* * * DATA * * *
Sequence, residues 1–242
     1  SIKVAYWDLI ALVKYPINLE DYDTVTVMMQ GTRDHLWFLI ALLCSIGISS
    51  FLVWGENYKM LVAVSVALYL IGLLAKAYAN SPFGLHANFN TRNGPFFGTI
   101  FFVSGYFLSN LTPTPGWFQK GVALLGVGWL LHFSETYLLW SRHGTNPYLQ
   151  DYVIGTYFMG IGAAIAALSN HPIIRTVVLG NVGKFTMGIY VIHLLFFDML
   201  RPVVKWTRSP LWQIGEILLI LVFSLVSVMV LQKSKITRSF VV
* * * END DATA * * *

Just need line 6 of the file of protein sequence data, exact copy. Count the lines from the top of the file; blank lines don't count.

   201  RPVVKWTRSP LWQIGEILLI LVFSLVSVMV LQKSKITRSF VV